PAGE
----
Driving Under the Influence
More than half of fatally injured drivers were driving while they had alcohol or other drugs in their body. In total, driving under the influence (DUI) or driving while intoxicated (DWI) cost the US and Canada's economy $150 Billion annually.
Not only alcohol consumption can cause impaired driving, but also the use of recreational drugs such as cannabis products such as marijuana or hashish, as well as prescription drugs such as opioids and benzodiazepines may have a serious effect.
Several studies show drugs, including alcohol, have a profound effect on human eye movement. This is why one of the main field sobriety tests being performed by authorities in DUI cases is the evaluation of eyes which generally includes tests of equal eye size, convergence, nystagmus, and smooth pursuit.
Every day, 28 people in the USA die in motor vechile crahes that involve an imparied driver. (NHTSA)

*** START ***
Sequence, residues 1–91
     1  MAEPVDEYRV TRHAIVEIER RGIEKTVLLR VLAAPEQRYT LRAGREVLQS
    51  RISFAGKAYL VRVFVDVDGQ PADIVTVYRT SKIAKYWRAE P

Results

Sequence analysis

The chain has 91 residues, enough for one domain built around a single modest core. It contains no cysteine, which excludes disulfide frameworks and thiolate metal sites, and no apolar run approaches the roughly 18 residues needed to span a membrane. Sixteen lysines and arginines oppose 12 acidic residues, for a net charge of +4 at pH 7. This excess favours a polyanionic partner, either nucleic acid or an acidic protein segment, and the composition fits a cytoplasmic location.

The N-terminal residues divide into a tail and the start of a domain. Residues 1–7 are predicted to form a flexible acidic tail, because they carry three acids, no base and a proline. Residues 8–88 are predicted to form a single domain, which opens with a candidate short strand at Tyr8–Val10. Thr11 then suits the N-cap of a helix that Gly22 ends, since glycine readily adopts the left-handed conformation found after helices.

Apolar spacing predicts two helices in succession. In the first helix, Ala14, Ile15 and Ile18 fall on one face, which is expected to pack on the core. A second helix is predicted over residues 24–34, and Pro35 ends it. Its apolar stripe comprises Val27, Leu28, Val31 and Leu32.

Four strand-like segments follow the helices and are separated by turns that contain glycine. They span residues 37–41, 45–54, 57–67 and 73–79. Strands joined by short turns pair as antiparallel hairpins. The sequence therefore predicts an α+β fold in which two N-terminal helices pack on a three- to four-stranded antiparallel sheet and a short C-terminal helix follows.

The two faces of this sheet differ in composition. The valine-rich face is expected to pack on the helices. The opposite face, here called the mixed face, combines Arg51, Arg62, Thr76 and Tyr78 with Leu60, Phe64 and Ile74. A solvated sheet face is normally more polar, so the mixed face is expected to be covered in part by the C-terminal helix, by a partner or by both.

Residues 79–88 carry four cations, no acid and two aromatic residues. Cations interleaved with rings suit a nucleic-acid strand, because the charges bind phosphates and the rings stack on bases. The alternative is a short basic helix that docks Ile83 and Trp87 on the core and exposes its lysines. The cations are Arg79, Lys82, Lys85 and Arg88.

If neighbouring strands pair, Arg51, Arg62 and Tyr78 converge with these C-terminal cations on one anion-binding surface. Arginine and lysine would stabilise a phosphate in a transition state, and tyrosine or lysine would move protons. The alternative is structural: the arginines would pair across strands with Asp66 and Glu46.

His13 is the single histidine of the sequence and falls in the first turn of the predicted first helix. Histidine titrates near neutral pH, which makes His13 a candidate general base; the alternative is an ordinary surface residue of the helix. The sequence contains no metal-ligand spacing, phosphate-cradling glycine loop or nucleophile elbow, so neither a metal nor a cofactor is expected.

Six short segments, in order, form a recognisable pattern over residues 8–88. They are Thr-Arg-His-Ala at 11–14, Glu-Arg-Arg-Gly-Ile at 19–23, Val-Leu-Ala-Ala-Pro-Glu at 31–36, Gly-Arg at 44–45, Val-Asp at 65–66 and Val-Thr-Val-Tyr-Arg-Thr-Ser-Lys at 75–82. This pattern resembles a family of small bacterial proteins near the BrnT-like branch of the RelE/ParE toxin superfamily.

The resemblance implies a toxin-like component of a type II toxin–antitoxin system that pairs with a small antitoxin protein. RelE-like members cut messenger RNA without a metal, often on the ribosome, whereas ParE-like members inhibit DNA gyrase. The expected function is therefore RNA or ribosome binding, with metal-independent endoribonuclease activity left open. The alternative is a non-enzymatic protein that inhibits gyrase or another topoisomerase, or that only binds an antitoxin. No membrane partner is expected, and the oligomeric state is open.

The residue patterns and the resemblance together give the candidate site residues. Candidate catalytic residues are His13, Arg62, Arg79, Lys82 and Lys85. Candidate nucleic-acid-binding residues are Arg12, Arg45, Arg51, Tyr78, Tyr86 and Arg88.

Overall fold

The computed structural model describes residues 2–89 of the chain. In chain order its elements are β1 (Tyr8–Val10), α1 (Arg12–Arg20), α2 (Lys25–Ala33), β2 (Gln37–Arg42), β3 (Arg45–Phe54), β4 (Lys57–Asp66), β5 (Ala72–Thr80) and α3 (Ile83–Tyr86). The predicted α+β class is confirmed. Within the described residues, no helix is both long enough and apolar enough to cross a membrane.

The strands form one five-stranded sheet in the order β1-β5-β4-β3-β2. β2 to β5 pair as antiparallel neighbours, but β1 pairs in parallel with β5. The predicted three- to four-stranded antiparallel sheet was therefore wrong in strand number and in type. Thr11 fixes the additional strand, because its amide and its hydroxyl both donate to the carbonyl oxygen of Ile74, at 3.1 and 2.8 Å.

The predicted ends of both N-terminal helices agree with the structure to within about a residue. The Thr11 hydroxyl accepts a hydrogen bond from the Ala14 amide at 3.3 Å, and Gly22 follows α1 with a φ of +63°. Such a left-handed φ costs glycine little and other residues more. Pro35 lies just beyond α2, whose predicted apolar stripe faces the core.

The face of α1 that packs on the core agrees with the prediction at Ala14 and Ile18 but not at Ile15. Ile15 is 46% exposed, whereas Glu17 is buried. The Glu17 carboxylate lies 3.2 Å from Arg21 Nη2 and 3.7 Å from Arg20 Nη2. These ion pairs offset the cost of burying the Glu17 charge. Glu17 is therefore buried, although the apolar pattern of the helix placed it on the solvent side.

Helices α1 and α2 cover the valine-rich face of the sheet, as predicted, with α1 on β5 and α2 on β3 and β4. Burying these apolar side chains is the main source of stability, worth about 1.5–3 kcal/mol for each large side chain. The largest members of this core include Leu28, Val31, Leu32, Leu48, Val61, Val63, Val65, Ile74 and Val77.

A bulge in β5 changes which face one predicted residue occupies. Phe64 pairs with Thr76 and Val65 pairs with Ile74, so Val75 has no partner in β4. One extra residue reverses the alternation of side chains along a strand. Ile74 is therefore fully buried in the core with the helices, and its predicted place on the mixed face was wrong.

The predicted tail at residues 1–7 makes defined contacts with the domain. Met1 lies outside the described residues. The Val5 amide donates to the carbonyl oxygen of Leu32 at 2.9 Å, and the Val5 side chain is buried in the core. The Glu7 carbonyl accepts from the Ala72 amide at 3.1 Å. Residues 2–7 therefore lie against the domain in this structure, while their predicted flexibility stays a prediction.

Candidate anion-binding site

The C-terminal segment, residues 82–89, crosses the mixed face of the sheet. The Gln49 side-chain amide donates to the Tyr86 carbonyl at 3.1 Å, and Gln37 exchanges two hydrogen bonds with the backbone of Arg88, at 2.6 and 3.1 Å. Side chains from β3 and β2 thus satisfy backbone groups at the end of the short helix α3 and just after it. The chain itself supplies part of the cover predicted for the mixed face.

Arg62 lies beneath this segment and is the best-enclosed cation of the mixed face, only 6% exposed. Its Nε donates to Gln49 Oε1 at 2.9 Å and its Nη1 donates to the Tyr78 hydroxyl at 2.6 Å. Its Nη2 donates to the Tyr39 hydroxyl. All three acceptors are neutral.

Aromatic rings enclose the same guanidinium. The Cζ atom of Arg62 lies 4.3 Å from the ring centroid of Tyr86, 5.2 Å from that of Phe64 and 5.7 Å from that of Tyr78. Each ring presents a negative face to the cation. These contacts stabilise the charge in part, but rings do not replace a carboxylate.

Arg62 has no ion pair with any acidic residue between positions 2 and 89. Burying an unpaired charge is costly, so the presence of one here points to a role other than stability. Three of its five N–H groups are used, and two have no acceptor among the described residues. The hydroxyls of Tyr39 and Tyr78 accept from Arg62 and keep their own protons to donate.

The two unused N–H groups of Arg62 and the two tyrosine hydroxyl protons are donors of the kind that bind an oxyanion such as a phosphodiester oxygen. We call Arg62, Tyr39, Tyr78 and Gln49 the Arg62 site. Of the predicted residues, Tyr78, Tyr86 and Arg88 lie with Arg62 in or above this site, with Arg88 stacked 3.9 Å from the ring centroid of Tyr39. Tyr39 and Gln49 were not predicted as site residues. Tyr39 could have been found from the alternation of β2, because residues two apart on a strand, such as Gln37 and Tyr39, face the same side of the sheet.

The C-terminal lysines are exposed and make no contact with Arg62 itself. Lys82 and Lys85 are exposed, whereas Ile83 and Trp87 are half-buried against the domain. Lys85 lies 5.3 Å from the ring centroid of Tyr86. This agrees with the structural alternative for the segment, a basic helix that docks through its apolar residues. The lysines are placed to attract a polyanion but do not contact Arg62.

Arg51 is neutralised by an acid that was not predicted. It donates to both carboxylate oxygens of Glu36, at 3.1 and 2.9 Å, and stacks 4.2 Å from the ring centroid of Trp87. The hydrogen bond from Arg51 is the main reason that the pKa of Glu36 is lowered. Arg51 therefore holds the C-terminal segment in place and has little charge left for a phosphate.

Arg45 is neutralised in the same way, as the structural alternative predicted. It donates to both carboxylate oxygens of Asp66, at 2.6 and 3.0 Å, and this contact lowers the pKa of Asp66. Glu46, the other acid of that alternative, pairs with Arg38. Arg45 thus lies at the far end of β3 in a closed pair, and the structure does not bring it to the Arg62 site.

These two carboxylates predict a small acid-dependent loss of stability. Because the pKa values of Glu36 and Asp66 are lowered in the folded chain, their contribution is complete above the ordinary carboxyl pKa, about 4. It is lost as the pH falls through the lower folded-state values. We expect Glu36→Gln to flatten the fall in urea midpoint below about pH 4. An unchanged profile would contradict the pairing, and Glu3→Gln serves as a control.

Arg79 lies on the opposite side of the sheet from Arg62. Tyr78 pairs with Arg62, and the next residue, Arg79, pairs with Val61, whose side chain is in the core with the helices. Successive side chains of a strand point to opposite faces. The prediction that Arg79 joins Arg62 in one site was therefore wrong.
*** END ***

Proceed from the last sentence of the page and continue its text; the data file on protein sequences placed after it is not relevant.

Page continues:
In 2014 there were 1.1 million DUI violations in the USA
DUI's cost the USA $132 billion dollars a year?
The Horizontal Gaze Nystagmus (HGN) test is a standard and the most scientifically reliable field sobriety test that police administer to find whether a driver is under the influence of drug or alcohol with the reliability rate of 77%. The officer instructs the driver to follow with his/her eyes a stimulus to the left and the right while tries to record the angle at which the pupil starts to exhibit nystagmus, which is an involuntary jerking of the eye. An early onset of this jerky movement at or before a 45-degree angle is a clue associated with DUI.
However, the reliability of the HGN test can be affected by errors that may happen in the way the test is being performed. For example, estimation of a 45-degree angle is difficult, and improper positioning may tarnish the conclusion. The officer should place the stimulus within 12-15 inches from the eyes, and his/her eyes should be above suspected driver eye-level while administration of the test. Lighting conditions may vary significantly when HGN test is performed on different subjects. This can limit drivers' eyes reaction to the light stimuli, and limit officers' ability in spotting abnormalities.